The Kevin Rudd Government in Australia has proposed a major new national reform package to strengthen the organ donation process. Though more than 90% of Australians support the idea of organ donation, the country has a longstanding shortage of organs for transplantation.
To address this, the Government proposes a total Commonwealth funding package of $151.1 million, including new funding of $136.4 million over four years to boost the number of life-saving organ transplants for Australians.
This is an important development for the 1,800 Australians on transplant waiting lists, the government said.
The key features of the reform package include: $67 million
to fund dedicated organ donation specialist doctors and other staff in public and private hospitals; $46 million
to establish a new independent national authority to coordinate national organ donation initiatives. $17 million
in new funding for hospitals to meet additional staffing, bed and infrastructure costs associated with organ donation. $13.4 million
to continue national public awareness and education; $1.9 million
for counselling for potential donor families; and
Other significant measures including enhanced professional education programs, consistent clinical protocols, 'clinical trigger' checklists and data collection for organ transplants in hospitals.
As Australia's population ages and more Australians are affected by lifestyle diseases such as obesity and diabetes, the demand for transplants will continue to grow.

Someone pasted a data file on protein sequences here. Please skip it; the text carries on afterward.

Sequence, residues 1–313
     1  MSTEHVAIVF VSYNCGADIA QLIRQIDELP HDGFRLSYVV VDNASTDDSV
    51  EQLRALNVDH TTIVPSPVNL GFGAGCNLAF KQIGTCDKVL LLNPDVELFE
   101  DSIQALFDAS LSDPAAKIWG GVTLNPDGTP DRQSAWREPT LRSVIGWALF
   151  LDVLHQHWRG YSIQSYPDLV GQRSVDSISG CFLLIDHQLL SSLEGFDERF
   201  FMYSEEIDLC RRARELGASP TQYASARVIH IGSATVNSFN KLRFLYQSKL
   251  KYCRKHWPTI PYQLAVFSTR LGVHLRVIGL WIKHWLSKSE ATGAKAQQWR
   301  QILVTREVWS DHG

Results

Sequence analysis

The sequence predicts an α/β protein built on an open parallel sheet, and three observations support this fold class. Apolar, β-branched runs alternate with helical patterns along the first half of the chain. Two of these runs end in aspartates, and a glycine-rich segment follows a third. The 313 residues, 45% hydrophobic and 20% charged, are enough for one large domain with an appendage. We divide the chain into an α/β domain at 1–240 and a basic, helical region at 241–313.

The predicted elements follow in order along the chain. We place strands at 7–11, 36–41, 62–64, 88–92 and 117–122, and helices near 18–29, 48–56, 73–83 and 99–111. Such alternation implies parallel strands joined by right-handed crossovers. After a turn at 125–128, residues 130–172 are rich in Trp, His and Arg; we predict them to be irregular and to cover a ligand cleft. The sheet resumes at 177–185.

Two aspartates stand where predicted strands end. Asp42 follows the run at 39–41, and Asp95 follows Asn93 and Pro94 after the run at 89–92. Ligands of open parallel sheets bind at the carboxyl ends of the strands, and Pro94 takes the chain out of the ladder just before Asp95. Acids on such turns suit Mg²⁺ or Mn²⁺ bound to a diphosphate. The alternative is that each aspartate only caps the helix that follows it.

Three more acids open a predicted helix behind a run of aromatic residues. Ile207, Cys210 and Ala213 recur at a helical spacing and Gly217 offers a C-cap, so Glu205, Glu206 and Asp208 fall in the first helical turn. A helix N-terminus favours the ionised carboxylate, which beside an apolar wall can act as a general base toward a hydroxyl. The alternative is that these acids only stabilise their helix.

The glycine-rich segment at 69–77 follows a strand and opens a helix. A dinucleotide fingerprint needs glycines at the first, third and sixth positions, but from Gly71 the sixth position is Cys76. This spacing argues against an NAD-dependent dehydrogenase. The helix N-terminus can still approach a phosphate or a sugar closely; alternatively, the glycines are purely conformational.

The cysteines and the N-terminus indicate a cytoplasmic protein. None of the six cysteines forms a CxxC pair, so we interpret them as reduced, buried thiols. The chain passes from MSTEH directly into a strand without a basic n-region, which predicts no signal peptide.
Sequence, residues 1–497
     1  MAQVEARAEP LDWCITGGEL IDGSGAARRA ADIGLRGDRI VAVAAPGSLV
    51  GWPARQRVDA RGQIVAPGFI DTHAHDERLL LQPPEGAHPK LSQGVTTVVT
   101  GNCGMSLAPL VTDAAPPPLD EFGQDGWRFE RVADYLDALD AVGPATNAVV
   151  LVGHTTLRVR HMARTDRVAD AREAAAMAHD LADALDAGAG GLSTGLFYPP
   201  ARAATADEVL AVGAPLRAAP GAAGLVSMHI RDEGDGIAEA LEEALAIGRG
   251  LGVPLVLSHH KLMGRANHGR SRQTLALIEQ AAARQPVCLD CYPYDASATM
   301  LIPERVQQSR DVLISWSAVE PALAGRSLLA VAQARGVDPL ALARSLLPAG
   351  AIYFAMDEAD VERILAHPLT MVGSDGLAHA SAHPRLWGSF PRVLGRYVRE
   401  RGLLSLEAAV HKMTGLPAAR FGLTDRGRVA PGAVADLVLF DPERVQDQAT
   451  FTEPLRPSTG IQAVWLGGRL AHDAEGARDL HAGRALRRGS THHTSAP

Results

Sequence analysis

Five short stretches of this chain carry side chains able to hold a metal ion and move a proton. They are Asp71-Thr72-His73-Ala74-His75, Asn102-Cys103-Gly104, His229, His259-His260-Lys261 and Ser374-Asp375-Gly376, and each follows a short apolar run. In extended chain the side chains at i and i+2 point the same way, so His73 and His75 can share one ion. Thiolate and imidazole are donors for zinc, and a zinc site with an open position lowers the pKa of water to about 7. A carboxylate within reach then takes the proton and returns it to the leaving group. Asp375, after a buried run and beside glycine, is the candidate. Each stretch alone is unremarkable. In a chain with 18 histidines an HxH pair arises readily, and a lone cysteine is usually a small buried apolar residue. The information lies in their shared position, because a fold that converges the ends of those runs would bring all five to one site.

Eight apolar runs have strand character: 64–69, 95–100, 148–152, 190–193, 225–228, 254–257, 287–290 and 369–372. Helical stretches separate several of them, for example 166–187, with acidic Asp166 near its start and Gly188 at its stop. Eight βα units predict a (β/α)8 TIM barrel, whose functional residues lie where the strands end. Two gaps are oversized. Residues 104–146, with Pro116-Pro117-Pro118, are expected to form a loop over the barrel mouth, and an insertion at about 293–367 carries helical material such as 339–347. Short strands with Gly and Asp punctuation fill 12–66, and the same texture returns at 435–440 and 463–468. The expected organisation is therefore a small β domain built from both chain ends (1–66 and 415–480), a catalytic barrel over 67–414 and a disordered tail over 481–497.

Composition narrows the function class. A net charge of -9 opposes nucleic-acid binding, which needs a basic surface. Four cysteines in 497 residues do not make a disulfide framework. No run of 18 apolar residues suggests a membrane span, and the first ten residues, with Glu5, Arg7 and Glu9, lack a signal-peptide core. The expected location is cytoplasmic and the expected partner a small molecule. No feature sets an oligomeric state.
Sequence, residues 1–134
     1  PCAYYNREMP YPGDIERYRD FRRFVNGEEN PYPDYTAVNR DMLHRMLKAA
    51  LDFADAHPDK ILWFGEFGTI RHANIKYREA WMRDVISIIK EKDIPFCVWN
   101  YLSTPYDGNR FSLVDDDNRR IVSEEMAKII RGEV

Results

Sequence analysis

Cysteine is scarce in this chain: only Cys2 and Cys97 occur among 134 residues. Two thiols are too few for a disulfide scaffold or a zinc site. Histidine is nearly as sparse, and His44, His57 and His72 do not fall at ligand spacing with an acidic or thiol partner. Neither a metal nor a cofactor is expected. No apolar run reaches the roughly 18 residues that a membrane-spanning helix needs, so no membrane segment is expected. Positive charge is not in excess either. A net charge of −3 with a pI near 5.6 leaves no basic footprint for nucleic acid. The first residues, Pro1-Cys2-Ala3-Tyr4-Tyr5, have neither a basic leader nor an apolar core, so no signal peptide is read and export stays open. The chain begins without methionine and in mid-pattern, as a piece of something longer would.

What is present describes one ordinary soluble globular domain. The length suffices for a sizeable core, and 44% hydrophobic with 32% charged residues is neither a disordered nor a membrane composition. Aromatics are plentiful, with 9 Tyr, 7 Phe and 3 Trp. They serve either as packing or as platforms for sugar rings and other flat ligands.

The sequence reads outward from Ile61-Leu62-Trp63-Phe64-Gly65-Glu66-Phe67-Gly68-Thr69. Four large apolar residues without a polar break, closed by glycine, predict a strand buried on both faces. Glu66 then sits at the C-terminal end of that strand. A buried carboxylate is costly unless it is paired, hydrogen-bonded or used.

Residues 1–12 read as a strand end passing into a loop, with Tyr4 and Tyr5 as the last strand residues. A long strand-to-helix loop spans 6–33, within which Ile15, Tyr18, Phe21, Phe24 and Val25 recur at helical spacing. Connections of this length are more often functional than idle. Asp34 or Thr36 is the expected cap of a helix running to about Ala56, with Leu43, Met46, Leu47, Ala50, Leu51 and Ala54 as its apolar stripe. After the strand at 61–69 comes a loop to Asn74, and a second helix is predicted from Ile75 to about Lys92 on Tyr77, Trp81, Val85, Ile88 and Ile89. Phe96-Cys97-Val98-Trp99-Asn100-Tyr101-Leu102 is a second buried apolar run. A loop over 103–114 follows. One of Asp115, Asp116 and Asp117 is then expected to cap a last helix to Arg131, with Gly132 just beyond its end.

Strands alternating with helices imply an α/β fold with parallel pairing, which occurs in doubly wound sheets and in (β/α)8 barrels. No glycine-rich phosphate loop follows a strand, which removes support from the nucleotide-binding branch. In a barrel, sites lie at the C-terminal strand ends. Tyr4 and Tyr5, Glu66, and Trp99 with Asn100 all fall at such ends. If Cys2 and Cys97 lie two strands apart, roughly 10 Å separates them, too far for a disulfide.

The package developed has drawn together the best international evidence and practice, as well as the expertise of stakeholders such as the Transplantation Society of Australia and New Zealand, the Cognate Committee on Organ and Tissue Donation, and ShareLife, it has been claimed.
The package does not change the framework of legal consent for donation. The families of all potential donors will be supported to make the choice of whether to donate at what is a very difficult time.
Prime Minister Kevin Rudd says he was compelled to act after a personal experience with donation. "I'm the beneficiary in terms of tissue donation - I have an aortic valve transplant, I had one years ago," he said. "I can't sit around and say well, 'I don't care about the rest of you'. My response, particularly when this was raised at the 2020 summit, is let's get on with it."
Rudd says it has been a challenge for hospitals to make organ donation a high priority in their daily work. "You need a dedicated capacity within hospitals, with specifically allocated medical staff and nursing staff with appropriate counselling support to make sure this happens," he said.
"Rather than just buck-pass this between the two levels of government, we've just said enough is enough - here is the calculation of what is needed, here is the funding for the staff that is necessary at this period of time and we intend to get on with it."
Health Minister Nicola Roxon says the package will turn the huge public support for organ donation into results. "We know that it is difficult for hospital staff to talk to families about organ donation when their primary job is to try to save lives," she said. "We need dedicated, separate, professional staff who can approach the families in a sensitive way with proper training, and this package will allow for all of those things to happen."
A new national organ donation and transplantation authority would be set up by 1 January 2009 to drive and oversee a comprehensive set of reforms outlined in the attached fact sheets.
The reform package will be proposed to the States and Territories at Council of Australian Governments' meeting Thursday.